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Repeated Incorrect Invoicing - Terminate the Commercial Lease Agreement?

Discussion in 'Commercial Law Forum' started by Mike Camden, 1 May 2014.

  1. Mike Camden

    Mike Camden Member

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    We are a small business operating in Queensland and our office lease provider has for a continuous period incorrectly invoiced for items that we are not liable for. We have repeatedly instructed them in writing to correct the invoices and reinstate a credit to account, which has not been processed. This goes back now over 12 months.

    Can this be deemed as a breach of contract conditions by the Provider under contract law? And if so, will it hold up if we provide notice for termination of the commercial lease on these grounds? This is a business to business contract so therefore not covered by Australian Consumer Law.
     
  2. rebeccag

    rebeccag Well-Known Member

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    G'day Mike,
    It depends on the terms of your lease agreement - What does it say about incorrect invoicing / payment, and what does is say about the grounds for termination?
     
  3. Mike Camden

    Mike Camden Member

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    Hi Rebecca,
    If the Client disputes any part of an invoice the Client must pay the amount not in dispute by the due date or be subject to late fees. the Provider also reserves the right to withhold services (including for the avoidance of doubt, denying the Client access to its accommodation(s)) while there are any outstanding fees and/or interest or the Client is in breach of this agreement.

    There are no clear clauses around grounds for termination by the Client. It is very one-sided. This is the only relevant clause I could find:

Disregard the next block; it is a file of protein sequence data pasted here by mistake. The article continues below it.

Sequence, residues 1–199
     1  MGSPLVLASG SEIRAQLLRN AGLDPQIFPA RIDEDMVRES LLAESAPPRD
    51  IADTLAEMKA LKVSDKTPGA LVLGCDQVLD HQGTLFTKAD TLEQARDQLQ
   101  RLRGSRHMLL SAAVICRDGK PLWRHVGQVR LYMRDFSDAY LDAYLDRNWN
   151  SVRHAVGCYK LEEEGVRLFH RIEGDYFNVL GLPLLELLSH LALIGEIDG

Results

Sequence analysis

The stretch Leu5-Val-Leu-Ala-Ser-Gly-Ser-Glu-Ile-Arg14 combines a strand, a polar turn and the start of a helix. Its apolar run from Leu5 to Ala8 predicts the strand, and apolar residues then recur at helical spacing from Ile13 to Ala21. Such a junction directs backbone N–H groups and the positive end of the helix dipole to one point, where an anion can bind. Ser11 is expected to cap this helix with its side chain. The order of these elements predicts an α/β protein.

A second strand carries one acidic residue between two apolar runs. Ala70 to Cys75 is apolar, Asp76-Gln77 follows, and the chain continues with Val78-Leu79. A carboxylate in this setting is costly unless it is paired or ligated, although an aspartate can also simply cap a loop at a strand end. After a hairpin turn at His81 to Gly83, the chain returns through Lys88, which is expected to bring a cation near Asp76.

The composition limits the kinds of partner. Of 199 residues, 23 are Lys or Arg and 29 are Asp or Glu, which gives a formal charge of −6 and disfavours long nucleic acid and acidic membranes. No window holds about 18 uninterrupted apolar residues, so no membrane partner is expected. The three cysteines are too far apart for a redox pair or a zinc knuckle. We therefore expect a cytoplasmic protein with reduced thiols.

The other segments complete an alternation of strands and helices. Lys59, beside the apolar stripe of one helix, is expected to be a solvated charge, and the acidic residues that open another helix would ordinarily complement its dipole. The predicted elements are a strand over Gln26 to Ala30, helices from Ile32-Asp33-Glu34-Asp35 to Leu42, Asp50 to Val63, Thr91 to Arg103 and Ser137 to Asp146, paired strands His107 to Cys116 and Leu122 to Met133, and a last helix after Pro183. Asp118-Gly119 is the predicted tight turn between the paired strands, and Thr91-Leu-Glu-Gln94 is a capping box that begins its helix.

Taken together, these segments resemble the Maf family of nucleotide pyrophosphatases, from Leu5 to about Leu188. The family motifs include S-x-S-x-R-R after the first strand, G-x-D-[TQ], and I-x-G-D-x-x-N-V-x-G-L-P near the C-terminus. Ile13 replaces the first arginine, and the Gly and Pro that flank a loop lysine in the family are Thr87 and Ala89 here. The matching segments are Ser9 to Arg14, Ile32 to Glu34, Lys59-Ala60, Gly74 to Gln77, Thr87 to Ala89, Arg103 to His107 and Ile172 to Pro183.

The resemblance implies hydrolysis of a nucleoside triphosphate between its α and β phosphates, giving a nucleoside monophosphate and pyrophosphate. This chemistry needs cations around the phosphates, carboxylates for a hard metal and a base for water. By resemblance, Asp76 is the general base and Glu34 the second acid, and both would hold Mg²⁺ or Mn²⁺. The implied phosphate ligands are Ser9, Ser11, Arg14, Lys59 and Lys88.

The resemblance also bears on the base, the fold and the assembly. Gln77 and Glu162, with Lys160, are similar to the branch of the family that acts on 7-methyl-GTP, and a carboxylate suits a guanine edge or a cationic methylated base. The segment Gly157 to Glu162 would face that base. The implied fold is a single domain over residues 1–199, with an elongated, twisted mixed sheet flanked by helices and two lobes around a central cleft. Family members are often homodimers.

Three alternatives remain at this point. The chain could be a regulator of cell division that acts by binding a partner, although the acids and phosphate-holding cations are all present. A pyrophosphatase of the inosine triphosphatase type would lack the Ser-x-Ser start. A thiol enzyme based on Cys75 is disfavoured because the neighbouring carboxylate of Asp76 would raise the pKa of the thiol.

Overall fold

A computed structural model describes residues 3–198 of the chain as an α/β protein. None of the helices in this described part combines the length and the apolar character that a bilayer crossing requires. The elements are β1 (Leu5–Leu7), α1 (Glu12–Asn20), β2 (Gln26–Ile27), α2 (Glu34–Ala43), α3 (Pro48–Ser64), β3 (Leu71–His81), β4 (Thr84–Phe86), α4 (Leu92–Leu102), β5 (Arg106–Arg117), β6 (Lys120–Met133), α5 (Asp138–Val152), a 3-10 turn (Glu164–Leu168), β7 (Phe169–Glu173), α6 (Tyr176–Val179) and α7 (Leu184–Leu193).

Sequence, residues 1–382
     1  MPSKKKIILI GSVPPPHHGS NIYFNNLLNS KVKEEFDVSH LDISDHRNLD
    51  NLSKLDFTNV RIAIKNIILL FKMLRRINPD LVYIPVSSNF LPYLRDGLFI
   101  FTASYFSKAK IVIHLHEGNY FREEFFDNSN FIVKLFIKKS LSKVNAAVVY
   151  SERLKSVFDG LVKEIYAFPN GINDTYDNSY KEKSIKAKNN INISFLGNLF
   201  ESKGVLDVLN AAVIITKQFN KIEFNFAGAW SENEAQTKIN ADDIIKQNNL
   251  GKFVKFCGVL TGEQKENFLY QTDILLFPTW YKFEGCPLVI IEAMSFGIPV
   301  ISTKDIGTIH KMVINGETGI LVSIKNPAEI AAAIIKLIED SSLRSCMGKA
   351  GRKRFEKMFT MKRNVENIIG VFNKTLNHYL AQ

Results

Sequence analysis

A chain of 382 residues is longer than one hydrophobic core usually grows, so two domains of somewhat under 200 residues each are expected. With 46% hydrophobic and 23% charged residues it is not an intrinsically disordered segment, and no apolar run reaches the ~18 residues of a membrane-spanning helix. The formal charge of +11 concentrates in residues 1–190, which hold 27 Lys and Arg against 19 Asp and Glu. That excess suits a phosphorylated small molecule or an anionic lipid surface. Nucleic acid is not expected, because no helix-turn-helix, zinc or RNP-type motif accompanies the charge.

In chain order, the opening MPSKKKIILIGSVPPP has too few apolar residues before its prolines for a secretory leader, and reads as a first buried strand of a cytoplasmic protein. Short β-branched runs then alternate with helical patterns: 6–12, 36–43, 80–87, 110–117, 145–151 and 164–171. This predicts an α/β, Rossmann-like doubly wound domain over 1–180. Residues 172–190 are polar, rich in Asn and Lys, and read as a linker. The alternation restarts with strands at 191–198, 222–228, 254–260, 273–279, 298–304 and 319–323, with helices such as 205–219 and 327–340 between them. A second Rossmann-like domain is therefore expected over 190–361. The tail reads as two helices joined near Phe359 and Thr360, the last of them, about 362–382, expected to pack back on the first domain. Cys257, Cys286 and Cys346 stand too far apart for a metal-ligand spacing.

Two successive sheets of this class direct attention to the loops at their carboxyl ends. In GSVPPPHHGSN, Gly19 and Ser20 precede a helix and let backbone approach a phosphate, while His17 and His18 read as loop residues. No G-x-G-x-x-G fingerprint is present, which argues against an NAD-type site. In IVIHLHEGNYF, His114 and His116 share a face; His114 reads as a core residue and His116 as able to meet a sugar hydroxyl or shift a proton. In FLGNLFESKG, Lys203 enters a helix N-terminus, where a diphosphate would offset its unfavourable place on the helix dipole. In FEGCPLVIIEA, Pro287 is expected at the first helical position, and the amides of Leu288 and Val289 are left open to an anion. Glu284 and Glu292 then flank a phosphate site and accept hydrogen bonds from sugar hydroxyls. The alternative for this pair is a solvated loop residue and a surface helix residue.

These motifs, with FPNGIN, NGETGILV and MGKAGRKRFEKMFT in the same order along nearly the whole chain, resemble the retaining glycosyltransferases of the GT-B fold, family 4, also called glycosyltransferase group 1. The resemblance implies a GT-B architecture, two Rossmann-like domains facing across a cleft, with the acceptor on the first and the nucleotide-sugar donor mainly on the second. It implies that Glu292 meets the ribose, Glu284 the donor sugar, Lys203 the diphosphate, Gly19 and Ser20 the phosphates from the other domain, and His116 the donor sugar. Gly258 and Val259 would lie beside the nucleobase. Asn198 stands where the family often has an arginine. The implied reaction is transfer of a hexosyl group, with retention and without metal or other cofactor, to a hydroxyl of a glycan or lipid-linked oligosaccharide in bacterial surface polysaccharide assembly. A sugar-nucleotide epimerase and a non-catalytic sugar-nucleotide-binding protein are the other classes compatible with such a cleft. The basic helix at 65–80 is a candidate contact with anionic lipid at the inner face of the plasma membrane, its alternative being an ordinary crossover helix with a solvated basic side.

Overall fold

If the Provider is liable for failing to provide the Client with any service under this agreement then subject to the exclusions and limits set out immediately below the Provider will pay any actual and reasonable expenses the Client has incurred in obtaining that service from an alternative source. If the Client believes the Provider has failed to deliver a service consistent with these terms and conditions the
    Client shall provide the Provider written notice of such failure and give the Provider a reasonable period to put it right.
     
  4. John R

    John R Well-Known Member

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    Hi Mike,
    1. Unfortunately, small business contracts, unless reviewed by lawyers for both parties, often end up one-sided and/or unclear on key points. Unless the parties can agree on an amicable resolution to an issue, you should seek legal advice in relation to your contractual rights and obligations.
    2. If you are looking to avoid the immediate use of lawyers, you may consider reviewing the Queensland Government's Business Portal Guide on Resolving Disputes with Other Businesses.
     
    rebeccag likes this.

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